Thursday, June 24, 2010

Just a cool picture

My kids know that I love a good thunderstorm, although Erin is really the only one that ever embraced the idea of sitting on the porch and watching a storm roll through. I love watching lightning bolts as well, which is why this picture just jumped out at me. It's taken from the Hancock Building in Chicago, showing twin bolts hit the Trump Tower (left) and the Willis (used to be Sears) Tower on the right.

Tuesday, June 22, 2010

Media hypocrisy, volume 481....

I have no strong feelings about whether General McChrystal should have resigned over his comments, although I tend to think that anyone stupid enough to think Rolling Stone would write a fair profile is probably not bright enough to be leading troops.

But the one thing that's fun to notice is the media's reaction. During the Bush administration, practically anyone above the rank of corporal who disagreed with war policy was singled out by the media as a hero, profiled in Newsweek and interviewed on 60 Minutes.

But now, when a general is found criticizing the Chosen One, the media is suddenly offended by the idea that anyone is uniform should do anything but blindly follow orders. The New York Times, which provided classified information to Al-Qaeda during the Bush years, now apparently believes in strict military discipline and keeping one's mouth shut.

Also of note today, a federal judge pretty much called Obama a liar in the judge's ruling that blocked the offshore drilling moratorium. Not a good day to be a lefty.

Wednesday, June 16, 2010

Does he understand he's not an emperor?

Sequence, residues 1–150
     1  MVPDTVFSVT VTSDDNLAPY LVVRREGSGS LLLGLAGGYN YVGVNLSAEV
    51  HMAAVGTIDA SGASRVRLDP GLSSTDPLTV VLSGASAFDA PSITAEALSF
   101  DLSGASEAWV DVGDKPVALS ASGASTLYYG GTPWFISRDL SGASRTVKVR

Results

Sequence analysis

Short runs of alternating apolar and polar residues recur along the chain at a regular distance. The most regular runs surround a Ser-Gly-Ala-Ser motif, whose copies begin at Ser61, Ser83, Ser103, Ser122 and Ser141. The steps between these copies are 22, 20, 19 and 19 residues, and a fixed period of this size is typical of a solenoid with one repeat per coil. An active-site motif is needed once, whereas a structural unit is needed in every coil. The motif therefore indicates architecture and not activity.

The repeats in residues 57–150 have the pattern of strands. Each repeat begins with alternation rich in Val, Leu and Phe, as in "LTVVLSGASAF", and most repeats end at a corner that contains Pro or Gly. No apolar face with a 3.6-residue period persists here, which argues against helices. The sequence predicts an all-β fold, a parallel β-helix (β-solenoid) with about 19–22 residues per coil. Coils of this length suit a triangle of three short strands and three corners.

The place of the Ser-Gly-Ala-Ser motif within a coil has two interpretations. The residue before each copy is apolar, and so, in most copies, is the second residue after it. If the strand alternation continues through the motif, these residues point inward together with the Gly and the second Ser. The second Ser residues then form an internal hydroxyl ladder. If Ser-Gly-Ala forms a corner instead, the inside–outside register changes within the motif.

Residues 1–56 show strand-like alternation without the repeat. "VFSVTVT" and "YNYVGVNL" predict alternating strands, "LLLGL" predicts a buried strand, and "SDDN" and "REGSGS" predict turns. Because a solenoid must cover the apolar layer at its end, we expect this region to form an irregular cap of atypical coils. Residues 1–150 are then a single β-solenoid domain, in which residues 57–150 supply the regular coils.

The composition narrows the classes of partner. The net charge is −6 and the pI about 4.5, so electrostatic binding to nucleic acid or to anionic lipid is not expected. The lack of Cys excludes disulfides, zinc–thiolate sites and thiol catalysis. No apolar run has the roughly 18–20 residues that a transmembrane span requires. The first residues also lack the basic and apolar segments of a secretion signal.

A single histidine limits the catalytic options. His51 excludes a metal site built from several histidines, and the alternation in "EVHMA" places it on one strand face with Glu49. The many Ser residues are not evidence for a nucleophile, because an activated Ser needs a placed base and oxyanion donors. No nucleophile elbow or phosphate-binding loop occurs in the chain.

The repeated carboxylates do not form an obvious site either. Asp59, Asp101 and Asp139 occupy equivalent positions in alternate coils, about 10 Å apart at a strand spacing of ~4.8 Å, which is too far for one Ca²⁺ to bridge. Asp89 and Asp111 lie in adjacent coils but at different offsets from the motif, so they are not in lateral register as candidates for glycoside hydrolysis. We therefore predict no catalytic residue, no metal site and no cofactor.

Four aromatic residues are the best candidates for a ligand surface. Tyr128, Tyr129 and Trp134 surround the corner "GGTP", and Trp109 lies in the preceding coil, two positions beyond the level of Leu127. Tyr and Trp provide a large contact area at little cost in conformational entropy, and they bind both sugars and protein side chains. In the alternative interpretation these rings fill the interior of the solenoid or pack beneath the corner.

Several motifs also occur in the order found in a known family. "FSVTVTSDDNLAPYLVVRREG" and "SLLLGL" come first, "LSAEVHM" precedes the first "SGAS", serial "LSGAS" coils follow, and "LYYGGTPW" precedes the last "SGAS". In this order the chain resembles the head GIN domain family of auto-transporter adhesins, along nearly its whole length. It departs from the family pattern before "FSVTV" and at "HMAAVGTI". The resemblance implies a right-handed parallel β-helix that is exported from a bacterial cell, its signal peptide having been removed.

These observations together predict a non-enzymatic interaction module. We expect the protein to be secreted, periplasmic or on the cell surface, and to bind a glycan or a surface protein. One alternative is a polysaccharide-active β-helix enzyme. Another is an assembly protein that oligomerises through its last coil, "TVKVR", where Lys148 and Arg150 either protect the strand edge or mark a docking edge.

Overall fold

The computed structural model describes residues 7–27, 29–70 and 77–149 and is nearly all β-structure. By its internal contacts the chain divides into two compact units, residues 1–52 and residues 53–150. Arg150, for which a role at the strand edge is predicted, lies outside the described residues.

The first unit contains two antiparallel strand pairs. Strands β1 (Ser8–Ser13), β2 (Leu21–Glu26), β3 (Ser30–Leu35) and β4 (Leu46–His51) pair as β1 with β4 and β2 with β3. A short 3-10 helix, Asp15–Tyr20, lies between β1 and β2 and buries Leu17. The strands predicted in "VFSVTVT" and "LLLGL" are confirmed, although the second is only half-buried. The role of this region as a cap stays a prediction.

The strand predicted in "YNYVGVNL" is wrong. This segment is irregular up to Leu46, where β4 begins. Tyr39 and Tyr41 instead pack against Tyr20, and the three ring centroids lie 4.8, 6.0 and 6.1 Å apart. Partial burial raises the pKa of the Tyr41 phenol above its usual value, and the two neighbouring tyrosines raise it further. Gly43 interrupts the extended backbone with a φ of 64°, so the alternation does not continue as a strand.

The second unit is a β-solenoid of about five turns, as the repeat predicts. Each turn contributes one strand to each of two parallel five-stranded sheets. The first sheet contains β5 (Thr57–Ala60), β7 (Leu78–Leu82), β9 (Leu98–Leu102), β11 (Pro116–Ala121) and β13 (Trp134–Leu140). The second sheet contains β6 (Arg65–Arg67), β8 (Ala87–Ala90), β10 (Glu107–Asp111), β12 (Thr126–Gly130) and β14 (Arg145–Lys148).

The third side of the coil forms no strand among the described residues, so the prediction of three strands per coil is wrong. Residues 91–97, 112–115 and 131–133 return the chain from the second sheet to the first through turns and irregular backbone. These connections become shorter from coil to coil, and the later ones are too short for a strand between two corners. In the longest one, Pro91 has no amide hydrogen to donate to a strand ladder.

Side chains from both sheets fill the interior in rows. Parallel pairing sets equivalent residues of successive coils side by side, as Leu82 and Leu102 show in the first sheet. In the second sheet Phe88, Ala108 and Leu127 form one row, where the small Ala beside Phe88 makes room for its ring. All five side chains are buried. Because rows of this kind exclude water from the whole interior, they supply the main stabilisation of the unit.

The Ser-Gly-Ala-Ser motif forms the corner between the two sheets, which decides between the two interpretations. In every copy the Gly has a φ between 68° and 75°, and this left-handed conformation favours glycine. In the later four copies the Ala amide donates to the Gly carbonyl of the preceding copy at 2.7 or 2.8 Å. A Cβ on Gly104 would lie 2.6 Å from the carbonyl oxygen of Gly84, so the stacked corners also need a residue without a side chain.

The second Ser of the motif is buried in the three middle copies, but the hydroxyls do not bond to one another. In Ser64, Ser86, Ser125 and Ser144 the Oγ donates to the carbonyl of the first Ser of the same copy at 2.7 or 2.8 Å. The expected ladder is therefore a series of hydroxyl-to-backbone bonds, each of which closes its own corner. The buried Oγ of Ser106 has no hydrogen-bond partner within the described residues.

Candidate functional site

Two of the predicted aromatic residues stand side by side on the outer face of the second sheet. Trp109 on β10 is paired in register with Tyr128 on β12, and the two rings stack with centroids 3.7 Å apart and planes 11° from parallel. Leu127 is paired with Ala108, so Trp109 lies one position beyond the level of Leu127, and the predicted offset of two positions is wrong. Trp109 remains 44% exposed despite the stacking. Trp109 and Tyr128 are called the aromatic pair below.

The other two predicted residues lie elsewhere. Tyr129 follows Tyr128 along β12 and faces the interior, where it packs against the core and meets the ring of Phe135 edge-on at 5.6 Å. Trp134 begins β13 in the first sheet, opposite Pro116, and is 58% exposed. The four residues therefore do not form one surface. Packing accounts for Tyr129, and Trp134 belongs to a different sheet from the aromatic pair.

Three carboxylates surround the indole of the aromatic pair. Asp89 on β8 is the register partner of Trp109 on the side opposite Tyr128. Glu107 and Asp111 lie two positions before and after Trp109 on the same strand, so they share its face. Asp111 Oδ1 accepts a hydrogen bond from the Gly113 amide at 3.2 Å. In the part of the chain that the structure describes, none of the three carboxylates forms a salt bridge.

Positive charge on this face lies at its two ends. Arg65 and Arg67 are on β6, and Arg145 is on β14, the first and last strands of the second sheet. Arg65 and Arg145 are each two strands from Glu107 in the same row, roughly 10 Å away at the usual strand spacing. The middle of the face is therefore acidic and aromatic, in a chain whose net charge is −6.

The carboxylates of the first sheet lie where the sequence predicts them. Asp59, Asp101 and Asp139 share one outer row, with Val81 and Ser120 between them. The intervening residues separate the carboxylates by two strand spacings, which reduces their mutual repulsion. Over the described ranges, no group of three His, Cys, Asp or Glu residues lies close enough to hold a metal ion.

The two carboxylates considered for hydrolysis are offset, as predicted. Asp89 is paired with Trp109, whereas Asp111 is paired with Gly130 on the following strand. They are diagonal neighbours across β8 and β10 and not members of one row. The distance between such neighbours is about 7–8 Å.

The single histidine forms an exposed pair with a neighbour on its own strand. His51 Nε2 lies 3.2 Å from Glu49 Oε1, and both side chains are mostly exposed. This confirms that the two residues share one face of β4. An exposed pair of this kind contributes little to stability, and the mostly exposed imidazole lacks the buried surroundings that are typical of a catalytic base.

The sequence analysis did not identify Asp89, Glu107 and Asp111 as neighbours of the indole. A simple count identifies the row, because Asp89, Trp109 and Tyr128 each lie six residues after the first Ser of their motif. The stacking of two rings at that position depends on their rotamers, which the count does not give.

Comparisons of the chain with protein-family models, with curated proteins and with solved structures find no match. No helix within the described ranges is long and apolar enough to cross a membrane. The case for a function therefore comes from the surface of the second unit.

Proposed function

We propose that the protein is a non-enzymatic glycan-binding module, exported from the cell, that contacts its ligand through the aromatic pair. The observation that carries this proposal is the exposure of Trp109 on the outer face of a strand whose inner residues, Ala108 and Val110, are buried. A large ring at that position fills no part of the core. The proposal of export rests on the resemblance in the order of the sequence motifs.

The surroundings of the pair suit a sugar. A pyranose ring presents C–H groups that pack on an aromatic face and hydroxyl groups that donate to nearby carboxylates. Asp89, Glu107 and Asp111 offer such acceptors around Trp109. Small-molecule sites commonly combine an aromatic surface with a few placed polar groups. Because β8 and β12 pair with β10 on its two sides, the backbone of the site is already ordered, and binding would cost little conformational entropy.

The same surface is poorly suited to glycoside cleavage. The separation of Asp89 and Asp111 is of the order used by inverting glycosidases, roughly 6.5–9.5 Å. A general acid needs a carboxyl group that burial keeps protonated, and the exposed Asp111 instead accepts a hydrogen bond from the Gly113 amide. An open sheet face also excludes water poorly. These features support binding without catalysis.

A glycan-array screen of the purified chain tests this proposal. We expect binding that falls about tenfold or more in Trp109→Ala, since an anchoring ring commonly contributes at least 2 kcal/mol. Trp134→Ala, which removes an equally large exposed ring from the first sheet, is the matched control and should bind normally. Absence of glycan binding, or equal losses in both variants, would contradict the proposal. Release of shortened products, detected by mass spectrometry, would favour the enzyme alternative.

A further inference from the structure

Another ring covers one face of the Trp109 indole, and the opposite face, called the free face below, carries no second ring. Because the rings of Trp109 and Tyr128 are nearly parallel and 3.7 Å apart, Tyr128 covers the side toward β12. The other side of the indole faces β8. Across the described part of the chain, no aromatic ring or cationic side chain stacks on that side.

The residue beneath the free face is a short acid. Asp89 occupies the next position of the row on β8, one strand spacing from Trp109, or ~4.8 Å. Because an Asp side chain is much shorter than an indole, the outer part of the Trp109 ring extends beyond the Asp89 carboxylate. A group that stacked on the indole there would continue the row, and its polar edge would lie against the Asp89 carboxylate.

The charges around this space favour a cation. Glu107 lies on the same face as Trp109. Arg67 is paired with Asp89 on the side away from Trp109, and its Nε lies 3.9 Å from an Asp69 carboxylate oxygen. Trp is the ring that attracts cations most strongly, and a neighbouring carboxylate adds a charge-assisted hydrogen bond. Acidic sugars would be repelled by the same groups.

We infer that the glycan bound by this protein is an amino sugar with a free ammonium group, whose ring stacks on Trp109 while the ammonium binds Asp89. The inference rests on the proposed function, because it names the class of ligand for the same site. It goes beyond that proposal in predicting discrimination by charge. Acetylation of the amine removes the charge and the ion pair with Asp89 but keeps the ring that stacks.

The President indicated tonight that he was going to "meet with the chairman of BP and inform him that he is to set aside whatever resources are required to compensate the workers and business owners who have been harmed as a result of his company's recklessness."

This is laughable on its face, and it's amazing that anyone in the White House speechwriting opearation would write - or allow through the editing process - such a ridiculous line. Of course, he has no such authority to do this. He can ask BP to contribute to a fund - and they might agree for PR reasons - but he can't tell BP's chairman what he has to do any more than he could come to your house and tell you to paint it a different color.

U.S. law limits the liability of BP - or any petroloeum company - to $75 million for a drilling accident. If the president thinks that's too low, he can ask Congress to change the number for future accidents. The fact that he thinks he can simply commandeer the assets of a private company is testimony to both his ignorance and arrogance.

Tuesday, June 8, 2010

Are you smarter than a liberal?

When it comes to economics, the answer to that question is probably "yes." Click here to read an interesting article about a study done by Zogby and analyzed by a professor at George Mason University.

The survey asked nearly 5,000 American adults a series of economcs questions, then asked for the respondent's political affiliation. You can read the story for the details, but the gist of it is this: Those who identify themselves as liberals were far more likely to get the answer wrong than were conservatives and liberterians.

Of course, that's no surprise to anyone with much common sense. When you have a core belief (as the Obama administration does) that you can take money away from people in taxes, then give them a percentage of it back as "stimulus" and magically fix the economy, it's clear you were sleeping through that Macro Economics 101 class.

Saturday, June 5, 2010

Where's Mark David Chapman when you need him?

I once read a piece by a music professor who felt the Beatles were among the most overrated groups in music history. His contention was that they were a cultural phenomena, not a musical one; They simply became trendy at the same time the self-involved baby boomers were looking for something to latch on to.